Sidar and I were wandering somewhat aimlessly around the Sultanahmet neighborhood of Istanbul. It was hot and I was getting tired and hungry.
“I have a very special place where we’re going to have lunch,” he said.
It’s taken me awhile but I now realize that when Sidar says something like this what he really means is that he has no idea where we’re going to go but he’ll figure it out as we’re walking along. We were walking up Divanyolu, a pleasant if somewhat touristy street. There were a ton of restaurants but none of them looked quite right to Sidar. Until we hit the Pudding Shop.
“Ah,” he said happily. “We should eat here. The food is very good. And besides, it is a famous café in Istanbul.”
I’d heard of the Pudding Shop. It was to Istanbul in the 60s and 70s what the Thorn Tree Café in Nairobi was in the 40s and 50s—a hang-out for expats and bohemians as well as a central meeting place. Both were also known for their message boards where you might search for a ride or a room to crash or for a long-lost friend. At Istanbul’s Pudding Shop, it also wasn’t unusual to post love and apology letters (such as the one from Megan to Malcolm in which she asked for his forgiveness and apologized for “the business down in Greece.”)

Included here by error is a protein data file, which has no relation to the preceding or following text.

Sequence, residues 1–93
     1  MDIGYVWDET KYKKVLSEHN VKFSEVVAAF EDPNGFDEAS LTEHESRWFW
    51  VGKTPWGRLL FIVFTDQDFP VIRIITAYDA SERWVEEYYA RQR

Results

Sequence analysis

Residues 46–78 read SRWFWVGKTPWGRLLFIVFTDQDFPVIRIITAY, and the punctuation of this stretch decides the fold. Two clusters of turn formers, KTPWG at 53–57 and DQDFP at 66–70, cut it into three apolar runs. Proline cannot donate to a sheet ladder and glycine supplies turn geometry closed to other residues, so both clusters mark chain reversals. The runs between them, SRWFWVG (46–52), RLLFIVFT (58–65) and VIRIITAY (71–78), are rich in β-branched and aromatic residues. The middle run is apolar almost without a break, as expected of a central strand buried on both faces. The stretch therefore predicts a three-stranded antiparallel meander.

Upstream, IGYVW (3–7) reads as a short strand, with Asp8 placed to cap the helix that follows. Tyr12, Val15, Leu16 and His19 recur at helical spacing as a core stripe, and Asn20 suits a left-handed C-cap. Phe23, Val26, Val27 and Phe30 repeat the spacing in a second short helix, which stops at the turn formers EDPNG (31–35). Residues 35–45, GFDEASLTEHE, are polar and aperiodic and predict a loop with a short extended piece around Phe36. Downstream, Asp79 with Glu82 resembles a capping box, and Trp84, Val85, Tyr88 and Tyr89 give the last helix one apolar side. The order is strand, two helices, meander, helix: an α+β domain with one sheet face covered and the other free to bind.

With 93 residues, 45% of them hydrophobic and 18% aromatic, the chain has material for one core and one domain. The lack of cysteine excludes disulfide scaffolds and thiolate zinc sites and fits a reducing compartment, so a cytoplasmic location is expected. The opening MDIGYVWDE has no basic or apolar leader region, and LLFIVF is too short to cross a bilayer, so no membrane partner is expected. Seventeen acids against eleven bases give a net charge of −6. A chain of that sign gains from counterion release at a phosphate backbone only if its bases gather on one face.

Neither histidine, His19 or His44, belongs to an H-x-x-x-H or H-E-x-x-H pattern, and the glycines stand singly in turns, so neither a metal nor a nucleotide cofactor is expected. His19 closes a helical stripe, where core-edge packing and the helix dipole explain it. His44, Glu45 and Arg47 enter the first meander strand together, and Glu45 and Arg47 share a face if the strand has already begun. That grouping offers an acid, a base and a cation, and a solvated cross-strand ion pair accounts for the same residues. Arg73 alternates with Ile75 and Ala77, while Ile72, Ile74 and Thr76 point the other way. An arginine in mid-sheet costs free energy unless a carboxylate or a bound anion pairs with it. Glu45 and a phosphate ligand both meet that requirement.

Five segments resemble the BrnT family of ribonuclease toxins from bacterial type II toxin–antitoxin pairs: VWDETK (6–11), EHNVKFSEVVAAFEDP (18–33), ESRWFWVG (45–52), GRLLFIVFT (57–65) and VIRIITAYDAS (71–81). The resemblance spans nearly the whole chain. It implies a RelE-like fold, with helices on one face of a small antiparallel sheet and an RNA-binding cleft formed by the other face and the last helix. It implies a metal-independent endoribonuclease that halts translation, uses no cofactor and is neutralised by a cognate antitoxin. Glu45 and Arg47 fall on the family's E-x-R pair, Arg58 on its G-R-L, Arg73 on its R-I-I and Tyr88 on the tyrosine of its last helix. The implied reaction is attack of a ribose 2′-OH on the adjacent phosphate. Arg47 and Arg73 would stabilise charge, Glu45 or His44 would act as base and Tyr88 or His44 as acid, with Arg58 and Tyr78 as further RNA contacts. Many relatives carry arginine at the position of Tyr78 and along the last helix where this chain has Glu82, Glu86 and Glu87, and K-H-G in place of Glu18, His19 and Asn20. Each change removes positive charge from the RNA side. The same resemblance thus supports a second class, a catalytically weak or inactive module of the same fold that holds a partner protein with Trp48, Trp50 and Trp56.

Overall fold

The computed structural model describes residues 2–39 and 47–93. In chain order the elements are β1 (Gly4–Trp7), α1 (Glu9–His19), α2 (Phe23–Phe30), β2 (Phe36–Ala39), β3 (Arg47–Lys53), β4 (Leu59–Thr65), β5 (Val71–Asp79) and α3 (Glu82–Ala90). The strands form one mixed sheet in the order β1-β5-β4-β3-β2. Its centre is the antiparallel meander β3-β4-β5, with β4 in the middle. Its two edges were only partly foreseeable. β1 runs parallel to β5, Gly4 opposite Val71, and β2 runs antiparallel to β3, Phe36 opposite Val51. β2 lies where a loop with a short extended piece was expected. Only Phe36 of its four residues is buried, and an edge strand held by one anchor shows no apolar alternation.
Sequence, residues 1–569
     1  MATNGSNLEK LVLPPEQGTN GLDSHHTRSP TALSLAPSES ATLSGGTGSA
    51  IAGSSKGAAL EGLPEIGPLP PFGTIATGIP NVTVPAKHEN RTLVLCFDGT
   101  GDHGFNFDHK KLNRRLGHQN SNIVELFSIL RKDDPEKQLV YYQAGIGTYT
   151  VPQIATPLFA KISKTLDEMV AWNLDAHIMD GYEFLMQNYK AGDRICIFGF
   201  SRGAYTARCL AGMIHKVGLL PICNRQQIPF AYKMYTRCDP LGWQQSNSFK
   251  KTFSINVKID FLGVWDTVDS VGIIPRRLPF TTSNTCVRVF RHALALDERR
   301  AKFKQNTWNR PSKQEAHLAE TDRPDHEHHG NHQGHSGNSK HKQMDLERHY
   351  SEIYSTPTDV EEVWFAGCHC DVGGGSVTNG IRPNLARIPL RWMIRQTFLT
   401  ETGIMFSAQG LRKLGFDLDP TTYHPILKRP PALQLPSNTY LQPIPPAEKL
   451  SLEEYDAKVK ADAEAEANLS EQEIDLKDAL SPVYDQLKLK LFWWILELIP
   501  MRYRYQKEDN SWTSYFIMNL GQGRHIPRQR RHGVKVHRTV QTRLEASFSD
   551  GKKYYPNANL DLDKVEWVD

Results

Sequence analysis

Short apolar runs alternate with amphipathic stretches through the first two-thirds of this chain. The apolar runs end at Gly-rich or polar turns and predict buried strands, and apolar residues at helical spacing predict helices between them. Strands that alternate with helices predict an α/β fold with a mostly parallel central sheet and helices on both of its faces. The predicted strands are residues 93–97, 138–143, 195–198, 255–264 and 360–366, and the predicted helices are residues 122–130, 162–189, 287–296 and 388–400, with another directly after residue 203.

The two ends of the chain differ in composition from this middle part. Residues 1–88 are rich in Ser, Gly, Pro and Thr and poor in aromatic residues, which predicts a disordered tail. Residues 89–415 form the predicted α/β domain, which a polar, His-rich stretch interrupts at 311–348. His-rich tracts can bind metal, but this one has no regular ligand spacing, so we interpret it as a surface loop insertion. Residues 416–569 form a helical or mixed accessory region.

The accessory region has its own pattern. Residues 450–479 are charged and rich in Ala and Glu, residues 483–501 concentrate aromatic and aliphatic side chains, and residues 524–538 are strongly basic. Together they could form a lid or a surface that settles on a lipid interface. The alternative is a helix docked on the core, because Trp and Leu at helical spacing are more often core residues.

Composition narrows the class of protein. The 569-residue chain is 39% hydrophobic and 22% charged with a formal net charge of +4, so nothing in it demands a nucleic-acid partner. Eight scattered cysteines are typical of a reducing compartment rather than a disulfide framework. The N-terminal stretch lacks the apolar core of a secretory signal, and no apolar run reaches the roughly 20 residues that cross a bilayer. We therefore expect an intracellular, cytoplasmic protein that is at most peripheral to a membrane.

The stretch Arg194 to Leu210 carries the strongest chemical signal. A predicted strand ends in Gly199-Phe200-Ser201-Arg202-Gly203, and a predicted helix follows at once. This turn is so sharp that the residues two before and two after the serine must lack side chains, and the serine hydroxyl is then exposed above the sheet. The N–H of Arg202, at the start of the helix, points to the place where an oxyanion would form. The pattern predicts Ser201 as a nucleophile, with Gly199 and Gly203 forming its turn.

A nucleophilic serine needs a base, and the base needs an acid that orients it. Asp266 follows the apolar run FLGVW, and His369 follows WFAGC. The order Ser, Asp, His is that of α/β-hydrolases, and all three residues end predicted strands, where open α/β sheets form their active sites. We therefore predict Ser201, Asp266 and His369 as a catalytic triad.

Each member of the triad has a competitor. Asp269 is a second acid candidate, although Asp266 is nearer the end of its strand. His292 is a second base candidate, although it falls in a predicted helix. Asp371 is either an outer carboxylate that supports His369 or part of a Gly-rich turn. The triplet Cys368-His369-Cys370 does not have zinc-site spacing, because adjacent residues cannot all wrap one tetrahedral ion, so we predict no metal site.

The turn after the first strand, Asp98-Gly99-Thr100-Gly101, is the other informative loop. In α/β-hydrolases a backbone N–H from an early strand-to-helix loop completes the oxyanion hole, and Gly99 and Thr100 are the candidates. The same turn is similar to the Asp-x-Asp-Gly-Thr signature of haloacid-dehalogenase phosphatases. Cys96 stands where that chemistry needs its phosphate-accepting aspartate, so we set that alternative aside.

There’s a movie there, don’t you think?
The Pudding Shop is actually the nickname of the Lale Restaurant. Back in the 60s when hippies passed through here on their way to Greece or Bulgaria, if they were headed for Europe, or Iran or Afghanistan, if they were headed for Asia, they’d agree to meet up at “the pudding shop” because they couldn’t remember the real name of the restaurant close to the Haghia Sophia. They just remembered that it served cheap but excellent Turkish pudding.
So, of course, in addtion to our köfte and stuffed grape leaves, we got little dishes of asure—Noah’s pudding—which is an odd mix of beans (fava, navy, chickpeas) and grain (barley and rice) with dried figs, apricots, and raisins. Now, I don’t know what the Noah’s pudding was like at the Pudding Shop during the 60s (undoubtedly part of the attraction was that it was cheap, nutritious, and filling) but this stuff was pretty disgusting (or, in fairness, maybe my taste buds just couldn’t get past the barley-dried figs-cinnamon combo). In any case, one or two bites was plenty.
Still, it was fun just to sit here and enjoy our Efes and imagine all the freaks that had passed this way a long, long time ago.
By the way, the map of the hippie trail is courtesy of Richard Gregory who traveled, at age 19, from the U.K. to India and Nepal back in 1974 and subsequently wrote a brief memoir of the trip almost 30 years later. If you’re curious about it, you can read A Brief History of the Hippie Trail here.